The UIDAI has integrated the Aadhaar with the KYC mechanism to authenticate a customer’s identity, since, Aadhaar is considered as material document for establishment of credentials for identification and diligence. The UIDAI has integrated the Aadhaar with the KYC mechanism in three ways:

1. Online KYC

Under this method, there are two methods to do KYC (i) Aadhaar OTP and (ii) Aadhaar-based Biometric KYC.

a) Aadhaar OTP

It allows customer to authenticate details quite instantly, as it allows the customer to authenticate details vide OTP received on the mobile number registered with the Aadhaar. Thereafter, once the KYC detail is verified by the UIDAI, the KYC registration Agency (KRA) will approve the KYC process.

b) Aadhaar based Biometric KYC Process

Under this method the customer has to apply for KYC online and post applying, an executive from the KRA visits his home/office for biometric verification to whom customer is required to submit his physical documents and biometrics and once the biometric data is verified, the KRA will complete the KYC.

Although, the Aadhaar based Biometric process is more tedious than the OTP based process, a customer under OTP based KYC process is allowed to invest only up to Rs. 50,000 p.a. whereas, if you get your KYC done through Aadhaar based Biometric Authentication or offline, the bar of Rs. 50,000 is lifted and there remains no maximum limit of investment.

2. Offline KYC

Under this process, a customer is required to visit the nearest branch of KRA office and submit the KYC form containing Aadhaar along with physical documents to complete the KYC process.

3. Aadhaar E-KYC

Aadhaar Electronic-Know Your Customer (“Aadhaar e-KYC”) is a mechanism that allows for instantaneous and paperless KYC as it allows the RE’s to authenticate a customer’s Aadhaar details through Aadhaar registry wherein the customer’s Aadhaar detail is stored.

The UIDAI created a robust framework that reduced the time and costs of a customer’s verification by providing the REs with concrete proof of a customer’s identity electronically, negating the requirement of physical documentation.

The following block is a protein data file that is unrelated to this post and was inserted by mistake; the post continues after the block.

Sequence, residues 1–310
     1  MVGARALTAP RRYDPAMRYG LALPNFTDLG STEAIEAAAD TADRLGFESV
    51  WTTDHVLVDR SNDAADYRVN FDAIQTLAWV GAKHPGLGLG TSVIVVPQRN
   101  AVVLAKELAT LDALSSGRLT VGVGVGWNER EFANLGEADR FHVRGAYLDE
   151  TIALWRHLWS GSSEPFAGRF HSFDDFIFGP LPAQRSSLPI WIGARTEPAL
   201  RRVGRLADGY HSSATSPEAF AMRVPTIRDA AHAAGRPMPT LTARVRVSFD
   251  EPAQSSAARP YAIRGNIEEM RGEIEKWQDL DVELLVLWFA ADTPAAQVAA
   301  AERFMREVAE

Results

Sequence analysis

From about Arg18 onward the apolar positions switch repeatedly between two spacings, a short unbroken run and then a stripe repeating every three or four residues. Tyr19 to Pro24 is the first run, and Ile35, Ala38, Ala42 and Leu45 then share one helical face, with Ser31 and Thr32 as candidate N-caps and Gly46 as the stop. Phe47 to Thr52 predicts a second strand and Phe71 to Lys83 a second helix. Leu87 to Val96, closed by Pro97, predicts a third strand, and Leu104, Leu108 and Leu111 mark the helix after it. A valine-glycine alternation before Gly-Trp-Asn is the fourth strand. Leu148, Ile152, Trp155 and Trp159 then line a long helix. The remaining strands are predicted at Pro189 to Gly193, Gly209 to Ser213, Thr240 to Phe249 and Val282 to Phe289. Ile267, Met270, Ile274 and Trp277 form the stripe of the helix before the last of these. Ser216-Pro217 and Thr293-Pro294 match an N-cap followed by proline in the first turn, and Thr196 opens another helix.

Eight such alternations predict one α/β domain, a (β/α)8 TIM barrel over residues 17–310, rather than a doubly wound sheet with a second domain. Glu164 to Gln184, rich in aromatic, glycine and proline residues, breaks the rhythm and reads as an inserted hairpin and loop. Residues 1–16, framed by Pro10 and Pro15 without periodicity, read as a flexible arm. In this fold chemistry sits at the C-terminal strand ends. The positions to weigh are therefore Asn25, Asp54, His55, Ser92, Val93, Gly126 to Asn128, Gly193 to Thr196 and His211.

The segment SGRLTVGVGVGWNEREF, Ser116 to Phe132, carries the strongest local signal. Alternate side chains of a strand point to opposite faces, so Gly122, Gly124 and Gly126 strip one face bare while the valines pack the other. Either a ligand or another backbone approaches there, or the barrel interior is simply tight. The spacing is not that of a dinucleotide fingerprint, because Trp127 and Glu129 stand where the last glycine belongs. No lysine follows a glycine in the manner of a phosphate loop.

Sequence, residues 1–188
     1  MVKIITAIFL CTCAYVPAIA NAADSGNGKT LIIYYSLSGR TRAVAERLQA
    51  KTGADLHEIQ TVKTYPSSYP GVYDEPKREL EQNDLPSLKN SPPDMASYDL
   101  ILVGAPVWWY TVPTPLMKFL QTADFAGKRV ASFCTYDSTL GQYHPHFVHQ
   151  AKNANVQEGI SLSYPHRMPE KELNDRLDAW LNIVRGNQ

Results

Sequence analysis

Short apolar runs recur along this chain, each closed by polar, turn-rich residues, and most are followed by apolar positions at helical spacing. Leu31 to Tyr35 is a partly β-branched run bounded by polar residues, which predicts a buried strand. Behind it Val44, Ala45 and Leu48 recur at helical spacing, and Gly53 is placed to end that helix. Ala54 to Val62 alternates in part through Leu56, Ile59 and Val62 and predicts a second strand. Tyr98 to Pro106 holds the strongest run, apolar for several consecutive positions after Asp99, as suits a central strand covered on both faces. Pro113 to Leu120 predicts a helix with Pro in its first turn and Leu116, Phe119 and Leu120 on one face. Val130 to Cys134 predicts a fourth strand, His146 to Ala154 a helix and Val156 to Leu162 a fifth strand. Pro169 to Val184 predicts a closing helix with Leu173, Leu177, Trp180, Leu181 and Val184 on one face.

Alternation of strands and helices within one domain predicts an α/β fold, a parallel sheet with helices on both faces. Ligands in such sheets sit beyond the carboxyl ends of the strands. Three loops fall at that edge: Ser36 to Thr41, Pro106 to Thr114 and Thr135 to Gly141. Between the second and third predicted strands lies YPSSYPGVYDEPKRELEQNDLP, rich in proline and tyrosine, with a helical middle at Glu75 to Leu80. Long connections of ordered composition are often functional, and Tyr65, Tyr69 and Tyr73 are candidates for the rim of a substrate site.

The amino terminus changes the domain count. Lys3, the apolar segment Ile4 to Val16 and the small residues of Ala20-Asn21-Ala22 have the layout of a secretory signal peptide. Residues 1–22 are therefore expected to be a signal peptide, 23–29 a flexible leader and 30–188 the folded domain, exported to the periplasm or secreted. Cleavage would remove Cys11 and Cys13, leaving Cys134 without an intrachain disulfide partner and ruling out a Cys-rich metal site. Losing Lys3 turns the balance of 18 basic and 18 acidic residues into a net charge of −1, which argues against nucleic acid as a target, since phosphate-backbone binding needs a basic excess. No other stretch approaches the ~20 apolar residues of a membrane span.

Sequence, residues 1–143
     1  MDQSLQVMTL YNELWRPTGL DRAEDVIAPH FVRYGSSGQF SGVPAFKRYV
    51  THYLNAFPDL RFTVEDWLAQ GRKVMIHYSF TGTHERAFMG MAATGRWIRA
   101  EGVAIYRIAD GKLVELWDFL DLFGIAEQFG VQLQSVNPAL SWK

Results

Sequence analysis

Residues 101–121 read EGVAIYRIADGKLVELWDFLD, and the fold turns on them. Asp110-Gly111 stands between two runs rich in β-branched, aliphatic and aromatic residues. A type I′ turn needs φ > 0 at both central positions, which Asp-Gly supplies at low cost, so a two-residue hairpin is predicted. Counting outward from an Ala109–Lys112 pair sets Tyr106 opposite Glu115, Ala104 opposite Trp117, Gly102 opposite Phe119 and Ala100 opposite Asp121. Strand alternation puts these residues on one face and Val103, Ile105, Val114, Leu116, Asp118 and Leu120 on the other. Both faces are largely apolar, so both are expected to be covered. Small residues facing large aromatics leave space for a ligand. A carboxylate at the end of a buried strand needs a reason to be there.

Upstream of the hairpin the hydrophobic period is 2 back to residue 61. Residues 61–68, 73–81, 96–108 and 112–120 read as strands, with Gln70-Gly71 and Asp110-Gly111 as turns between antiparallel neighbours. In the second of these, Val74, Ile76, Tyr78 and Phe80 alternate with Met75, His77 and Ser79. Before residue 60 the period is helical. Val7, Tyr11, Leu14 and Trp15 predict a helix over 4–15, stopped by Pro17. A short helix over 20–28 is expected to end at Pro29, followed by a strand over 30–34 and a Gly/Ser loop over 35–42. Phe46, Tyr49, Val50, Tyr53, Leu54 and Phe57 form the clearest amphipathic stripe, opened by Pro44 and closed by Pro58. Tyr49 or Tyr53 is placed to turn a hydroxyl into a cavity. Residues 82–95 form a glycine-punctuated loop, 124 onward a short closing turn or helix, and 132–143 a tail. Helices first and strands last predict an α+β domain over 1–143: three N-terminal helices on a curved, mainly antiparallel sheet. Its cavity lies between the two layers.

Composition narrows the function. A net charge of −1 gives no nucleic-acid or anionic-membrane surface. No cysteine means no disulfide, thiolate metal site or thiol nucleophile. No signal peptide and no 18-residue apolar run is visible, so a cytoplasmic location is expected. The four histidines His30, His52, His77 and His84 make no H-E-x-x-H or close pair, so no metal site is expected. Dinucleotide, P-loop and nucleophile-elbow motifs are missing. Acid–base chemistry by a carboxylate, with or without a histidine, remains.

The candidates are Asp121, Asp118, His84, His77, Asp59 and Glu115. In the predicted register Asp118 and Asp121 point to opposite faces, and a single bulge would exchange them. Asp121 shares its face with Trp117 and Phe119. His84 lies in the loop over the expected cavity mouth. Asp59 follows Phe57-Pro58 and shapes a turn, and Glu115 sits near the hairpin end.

It is pertinent to note that the Hon’ble Supreme Court of India (“SC”) addressed the privacy concerns arising out of the misuse of Aadhaar data in the notable judgment of Justice K.S.Puttaswamy vs Union Of India, [(2017) 10 SCC 1. In view of the judgment, the SC banned private entities from using Aadhaar e-KYC for verification and authentication purposes, considering the security of the biometric data of the citizen of India.

Thereafter, the RBI has created a mechanism where Non-Banking Finance Companies (‘NBFCs’), has to apply for a license to undertake authentication through means of KYC and upon receipt of the application the Central Government would provide permit to the NBFCs to use Aadhaar for authentication of KYC. However, such authentication should be in compliance of the terms of Section 11A of the PMLA which permits entities to authenticate KYC using a customer’s Aadhaar number provided by the UIDAI.


The mechanism of KYC compliances and regulations so far, can be inferred to be a dynamic and organic process which responds to the changing judicial views, Fin-Tech industry development, and social needs. The layers of diligence process, if pursued diligently will help reduce opacity in transactions all over the country.

The KYC mechanism is posed with the challenge of ensuring that the ease of doing business for the entities is maintained while ensuring no individual is unduly excluded from the formal financial system. Furthermore, considering that the KYC mechanism is a balancing act between the aforementioned rights. The State and the RBI have a mammoth task of development of KYC.

In the next article we shall be discussing about the transformation brought in by the Video-based KYC (“V-CIP”) in authenticating and verifying the credentials of a customer in a much more efficient and effective manner.

– TEAM AMLEGALS, assisted by Ms. Kashish Gupta (Intern)